2. What forms of wealth might be different between people? Try to list at least three. Does a given form of wealth tend to be dissipated over time, via feasting or gifting or divisions between heirs or another means? Or does it build on itself?
  3. What special status might someone in the band (or some family) have that others do not? Try to list at least three, remembering that not all special statuses need be in the same family. (For example, one family might be chiefs, another might be shamans, another might have the hereditary right to guard the Sacred Hospitality Blanket, and so on.) How might such status be gained or lost?
  4. How does the band handle internal conflict? Are there mechanisms for doing this? Would conflict threaten to tear apart the band? What is at stake?
  5. Why might outsiders come into conflict with your band? List five possible reasons. (“We raid their settlements and take slaves and plunder” is an acceptable reason! So is “They want to wear our sparkly purple skin as trophies.” What else?)
  6. Why does having a wandering band fit in this story? What aspect of such a band fits the theme or the conflict?

Suggestions for more? Let me know in the comments!

New Release: The Odds Are Against Us

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I’m pleased to say that Liberty Island Media, our publisher, has just released The Odds Are Against Us for Kindle! Check it out!

Plus, if you subscribe to Kindle Unlimited, you can read the book for free!

The paperback edition will be coming soon, and I’ll let you know when it does. We’re very excited to finally get this fantastic book in people’s hands. Enjoy!

If you like the book, please help us out by leaving a reader review on Amazon. It only takes a few sentences to tell people what you liked about the book, and it makes a big difference. Thanks!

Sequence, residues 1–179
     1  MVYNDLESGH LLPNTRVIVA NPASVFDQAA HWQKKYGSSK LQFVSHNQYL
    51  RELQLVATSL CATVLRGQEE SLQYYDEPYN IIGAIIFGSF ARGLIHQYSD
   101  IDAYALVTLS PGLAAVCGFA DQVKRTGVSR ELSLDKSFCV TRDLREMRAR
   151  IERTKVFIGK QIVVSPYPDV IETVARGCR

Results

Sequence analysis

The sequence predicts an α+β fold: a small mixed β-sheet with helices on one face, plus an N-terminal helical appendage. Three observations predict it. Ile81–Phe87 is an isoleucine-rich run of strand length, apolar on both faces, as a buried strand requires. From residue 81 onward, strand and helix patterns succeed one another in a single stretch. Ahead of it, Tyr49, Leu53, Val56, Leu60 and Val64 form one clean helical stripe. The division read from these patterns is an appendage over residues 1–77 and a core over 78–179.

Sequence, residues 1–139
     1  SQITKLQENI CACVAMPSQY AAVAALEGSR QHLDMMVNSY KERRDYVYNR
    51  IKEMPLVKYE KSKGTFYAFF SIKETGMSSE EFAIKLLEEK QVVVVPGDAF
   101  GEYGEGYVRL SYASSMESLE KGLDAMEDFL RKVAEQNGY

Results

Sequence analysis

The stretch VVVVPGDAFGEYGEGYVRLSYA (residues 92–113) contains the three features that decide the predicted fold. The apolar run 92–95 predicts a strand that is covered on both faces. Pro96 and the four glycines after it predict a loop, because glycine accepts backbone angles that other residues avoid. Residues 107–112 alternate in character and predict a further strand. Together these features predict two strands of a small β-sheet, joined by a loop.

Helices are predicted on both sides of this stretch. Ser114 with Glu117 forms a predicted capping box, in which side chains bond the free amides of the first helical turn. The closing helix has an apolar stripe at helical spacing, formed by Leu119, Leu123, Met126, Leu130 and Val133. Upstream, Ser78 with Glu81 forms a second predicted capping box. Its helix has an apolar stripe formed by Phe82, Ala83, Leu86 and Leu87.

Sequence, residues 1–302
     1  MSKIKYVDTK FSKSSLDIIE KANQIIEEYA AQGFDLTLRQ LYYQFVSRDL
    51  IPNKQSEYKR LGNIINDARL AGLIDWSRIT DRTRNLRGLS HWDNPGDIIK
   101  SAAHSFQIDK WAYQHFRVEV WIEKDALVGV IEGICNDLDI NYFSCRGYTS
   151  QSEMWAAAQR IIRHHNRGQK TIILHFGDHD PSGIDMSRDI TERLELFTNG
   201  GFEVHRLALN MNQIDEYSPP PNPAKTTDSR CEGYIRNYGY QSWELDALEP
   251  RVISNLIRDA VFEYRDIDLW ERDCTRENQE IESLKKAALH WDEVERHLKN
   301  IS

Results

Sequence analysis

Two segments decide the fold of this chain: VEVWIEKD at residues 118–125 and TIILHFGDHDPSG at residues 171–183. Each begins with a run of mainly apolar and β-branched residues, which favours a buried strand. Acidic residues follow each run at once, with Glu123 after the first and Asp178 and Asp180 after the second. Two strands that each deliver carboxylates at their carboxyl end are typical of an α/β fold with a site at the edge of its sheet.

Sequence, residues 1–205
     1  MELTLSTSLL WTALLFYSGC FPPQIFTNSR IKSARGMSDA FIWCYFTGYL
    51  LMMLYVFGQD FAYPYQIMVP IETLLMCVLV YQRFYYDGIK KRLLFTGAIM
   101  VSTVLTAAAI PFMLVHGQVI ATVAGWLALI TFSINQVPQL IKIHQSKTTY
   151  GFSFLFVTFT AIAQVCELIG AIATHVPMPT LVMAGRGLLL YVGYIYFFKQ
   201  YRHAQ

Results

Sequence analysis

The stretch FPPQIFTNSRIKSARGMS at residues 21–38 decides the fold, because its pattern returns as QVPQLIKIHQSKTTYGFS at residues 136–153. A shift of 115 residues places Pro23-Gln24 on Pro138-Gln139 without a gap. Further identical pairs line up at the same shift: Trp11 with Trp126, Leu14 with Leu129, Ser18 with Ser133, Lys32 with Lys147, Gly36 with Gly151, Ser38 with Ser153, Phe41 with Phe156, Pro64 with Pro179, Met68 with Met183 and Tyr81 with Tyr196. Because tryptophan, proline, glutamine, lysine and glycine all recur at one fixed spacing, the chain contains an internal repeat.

Conflict in Politics and Fiction

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(This post is part of Politics for Worldbuilders, an occasional series.)

What is politics? And why does it matter for fiction?

If you were to google “politics definition,” many of the dictionary entries focus on the mechanics of running a government or a society; these are not wrong exactly, but are not terribly useful. When we say “office politics,” for example, what we mean is often the exact opposite of a smooth-running office!

Early political scientists, when they were in a pedantic mood, might have used a definition like this: “The authoritative allocation of scarce goods.” This is not very good either, but it does focus our attention on a few points:

  • “Scarce goods” implies that some people will get less than they want, or do without entirely. By definition, some people will be unhappy with the “authoritative allocation,” and want it to change.
  • “Authoritative” highlights the importance of authority, the sense that some people or some commands ought to be followed. In other words, a key part of politics is about leadership and obedience, and how that comes about.

But this definition seems sterile. We are given an image of some central bureaucrat sitting in an office and punching numbers into a calculator, thusly to apportion out the chocolate ration. Yet politics is about more than material goods (or even status, which is also a “scarce good” of a sort; but see below). So the definition is often modified to include “The authoritative determination of values.” Here we get into more interesting ground:

  • Rather than focusing on what we want, “values” instruct us in what we should want.